As expected, Amazon.com
Version 2.0 retains most of the popular features of the original Kindle, which Oprah Winfrey gushed about four months ago. It still relies on Sprint Nextel
But alongside those familiar features, there are also plenty of welcome enhancements:
- The new model is more compact than the original. It's as thin as a magazine and weighs less than a paperback.
- With two gigabytes of storage, it offers improved capacity of roughly 1,500 titles (vs. 200 for the previous model).
- Its display screen is improved, now offering 16 shades of gray (versus four) so images appear sharper.
- Battery life is now 25% longer.
- A "text-to-speech" feature allows the Kindle to read aloud any book, magazine, blog, or newspaper.
That last point is huge. Style freaks may love the ergonomic enhancements, but I think the "read-to-me" option will really push the Kindle into the mainstream.
I'm not saying that we're all audiobook junkies who hate physical reading. I also realize that speech synthesizers are a joke compared to rich human voices. However, the real sticking point with many potential Kindle owners is that they don't always have a lot of time to read. A Kindle may work for mass-transit commuters on the bus, trains, or subways, but what about the majority of us who actually drive, bike, or walk to work? We can't afford to stare at a screen.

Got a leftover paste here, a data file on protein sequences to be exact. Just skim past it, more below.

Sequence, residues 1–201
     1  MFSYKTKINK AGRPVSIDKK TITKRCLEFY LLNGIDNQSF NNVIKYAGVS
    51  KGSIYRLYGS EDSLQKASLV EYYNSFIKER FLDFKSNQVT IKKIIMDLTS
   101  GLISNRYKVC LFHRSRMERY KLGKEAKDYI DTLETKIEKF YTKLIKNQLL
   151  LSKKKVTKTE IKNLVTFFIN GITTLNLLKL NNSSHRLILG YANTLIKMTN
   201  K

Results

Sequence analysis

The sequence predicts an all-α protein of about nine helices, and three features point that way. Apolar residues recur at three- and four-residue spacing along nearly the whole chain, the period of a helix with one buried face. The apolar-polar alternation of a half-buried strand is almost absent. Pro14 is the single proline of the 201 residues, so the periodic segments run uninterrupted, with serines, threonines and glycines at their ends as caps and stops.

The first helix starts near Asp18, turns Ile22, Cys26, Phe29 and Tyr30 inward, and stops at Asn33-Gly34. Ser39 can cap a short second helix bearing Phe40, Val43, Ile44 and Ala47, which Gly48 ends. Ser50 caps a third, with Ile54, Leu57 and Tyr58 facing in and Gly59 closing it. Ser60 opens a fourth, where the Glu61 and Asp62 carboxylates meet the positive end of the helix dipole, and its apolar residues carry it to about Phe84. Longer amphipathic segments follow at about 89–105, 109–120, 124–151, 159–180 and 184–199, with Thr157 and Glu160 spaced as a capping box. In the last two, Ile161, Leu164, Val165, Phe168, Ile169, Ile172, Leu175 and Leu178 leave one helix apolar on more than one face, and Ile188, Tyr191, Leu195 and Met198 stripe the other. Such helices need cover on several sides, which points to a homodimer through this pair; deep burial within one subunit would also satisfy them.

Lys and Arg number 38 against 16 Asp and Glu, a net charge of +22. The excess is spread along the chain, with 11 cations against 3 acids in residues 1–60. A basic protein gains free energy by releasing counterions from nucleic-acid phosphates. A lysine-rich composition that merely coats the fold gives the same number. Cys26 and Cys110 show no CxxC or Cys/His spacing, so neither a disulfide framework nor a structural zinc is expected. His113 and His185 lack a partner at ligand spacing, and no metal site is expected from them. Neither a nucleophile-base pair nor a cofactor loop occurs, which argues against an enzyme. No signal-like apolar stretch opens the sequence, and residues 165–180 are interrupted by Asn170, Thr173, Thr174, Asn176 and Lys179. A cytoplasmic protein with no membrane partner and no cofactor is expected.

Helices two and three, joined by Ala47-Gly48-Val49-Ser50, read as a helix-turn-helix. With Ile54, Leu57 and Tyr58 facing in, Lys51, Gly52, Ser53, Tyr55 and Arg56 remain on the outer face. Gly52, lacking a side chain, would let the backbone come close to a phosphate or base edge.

There's a reason why Sirius XM Radio
It remains to be seen whether Kindle's first wave of early adopters will take to the updated model. Amazon isn't offering rebates or trade-ins -- just allowing original owners a first crack at getting the new Kindles if they order in the next two days.
Either way, Amazon has raised the bar here. Rivals like Sony
The Kindle is now better, with a wider library of available titles, and Winfrey-approved to boot. In short, I think its debut marks another exciting chapter for Amazon.
Other page-turners in the Kindle saga:
Longtime Fool contributor Rick Munarriz has been shopping online for about as long as Amazon.com has been in business. He owns a Kindle, but he does not own shares in any of the companies in this story, save for Cracker Barrel. He is also part of the Rule Breakers newsletter research team, seeking out tomorrow's ultimate growth stocks a day early. The Fool has an irresistibly shiny disclosure policy.